The difference between adults and children is that children are not afraid to make mistakes and you can not tell them that they can not do something. When I was younger I was going to build a time machine. My parents sort of hinted that it wouldn’t work but I ignored them and went confidently on my way.

    My point is that adults seem to forget how they learned their first language. Most children are never taught formal grammar rules before they reach the age of 6 or 7. Where then do they learn to speak so fluently. When is the last time you have spoken with a 6 year old. It is amazing how fluent they are.

    Children unlike adults are not afraid to make mistakes. In fact, if you think back really hard to when you were a kid learning English (or your first language) you probably made lots of mistakes. Never the less you kept trying, you kept recognizing patterns, figuring out what words mean through context and eventually could understand and reproduce full sentences and ideas. Sure you made mistakes. You probably made tons. You just did not care! Your parents would correct you and then you would move on.

    Children for example often make mistakes such as saying gooses instead of geese. You know that they didn’t hear someone else say gooses or fishes, so it is just proof that their brain naturally understands the concept of adding an s to make a word plural. So how do they learn it is actually fish or geese? Simple your parents correct you, just like Rosetta Stone does and you learn naturally.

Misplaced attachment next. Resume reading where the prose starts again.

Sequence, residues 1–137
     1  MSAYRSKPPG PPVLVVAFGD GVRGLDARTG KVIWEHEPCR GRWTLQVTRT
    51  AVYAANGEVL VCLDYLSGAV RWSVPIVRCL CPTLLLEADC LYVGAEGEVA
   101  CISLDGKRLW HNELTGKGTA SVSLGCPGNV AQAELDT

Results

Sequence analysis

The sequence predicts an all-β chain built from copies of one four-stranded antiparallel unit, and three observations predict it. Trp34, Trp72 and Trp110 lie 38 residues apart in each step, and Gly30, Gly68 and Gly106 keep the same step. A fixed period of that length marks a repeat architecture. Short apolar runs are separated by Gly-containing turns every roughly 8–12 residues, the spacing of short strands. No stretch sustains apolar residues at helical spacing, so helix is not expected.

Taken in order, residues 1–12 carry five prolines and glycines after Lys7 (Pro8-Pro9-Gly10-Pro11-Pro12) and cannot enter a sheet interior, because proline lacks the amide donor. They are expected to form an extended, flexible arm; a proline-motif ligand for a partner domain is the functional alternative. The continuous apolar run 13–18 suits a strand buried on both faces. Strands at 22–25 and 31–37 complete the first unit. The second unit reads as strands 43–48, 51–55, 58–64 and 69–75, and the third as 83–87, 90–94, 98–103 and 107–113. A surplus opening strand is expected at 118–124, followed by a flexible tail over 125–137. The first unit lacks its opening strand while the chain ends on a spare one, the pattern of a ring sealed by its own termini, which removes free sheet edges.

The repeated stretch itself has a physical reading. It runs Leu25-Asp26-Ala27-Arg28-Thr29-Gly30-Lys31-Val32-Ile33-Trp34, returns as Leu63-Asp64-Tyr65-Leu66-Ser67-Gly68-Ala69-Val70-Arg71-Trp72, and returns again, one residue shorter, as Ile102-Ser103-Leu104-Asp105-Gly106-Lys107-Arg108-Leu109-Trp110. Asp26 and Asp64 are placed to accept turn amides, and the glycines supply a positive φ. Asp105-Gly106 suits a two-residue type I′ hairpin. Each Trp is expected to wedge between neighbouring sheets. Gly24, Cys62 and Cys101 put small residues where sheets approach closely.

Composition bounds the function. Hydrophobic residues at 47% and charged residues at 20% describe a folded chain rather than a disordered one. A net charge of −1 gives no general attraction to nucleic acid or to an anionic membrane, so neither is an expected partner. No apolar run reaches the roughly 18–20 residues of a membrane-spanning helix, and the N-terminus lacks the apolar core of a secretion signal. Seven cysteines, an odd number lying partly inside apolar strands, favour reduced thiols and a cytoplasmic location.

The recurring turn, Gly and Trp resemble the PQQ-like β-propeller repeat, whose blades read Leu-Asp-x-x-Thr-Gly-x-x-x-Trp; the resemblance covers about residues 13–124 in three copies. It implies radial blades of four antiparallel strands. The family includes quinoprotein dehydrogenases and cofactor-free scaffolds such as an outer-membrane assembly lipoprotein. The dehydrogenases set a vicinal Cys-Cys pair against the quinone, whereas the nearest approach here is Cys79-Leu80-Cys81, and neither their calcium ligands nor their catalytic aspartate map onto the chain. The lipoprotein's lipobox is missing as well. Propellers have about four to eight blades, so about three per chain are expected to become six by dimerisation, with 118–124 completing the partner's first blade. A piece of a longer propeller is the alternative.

• Product Review: Rosetta Stone – Spoken Language

    […] I won’t reach complete fluency. The big controversy with the Rosetta Stone method is in the teaching/learning of grammar. Instead of spending time making you memorize rules the program “naturally” teaches […]

  • Mykle

    I must say I think Rosetta Stone is sorely lacking in the grammar area, at least in the German sections I’ve taken. For example, I’m more than half way through the 5 levels I bought (Level 3, Unit 3) and still can’t tell when to use the right article for “The” (Der/Den/Dem) instinctively.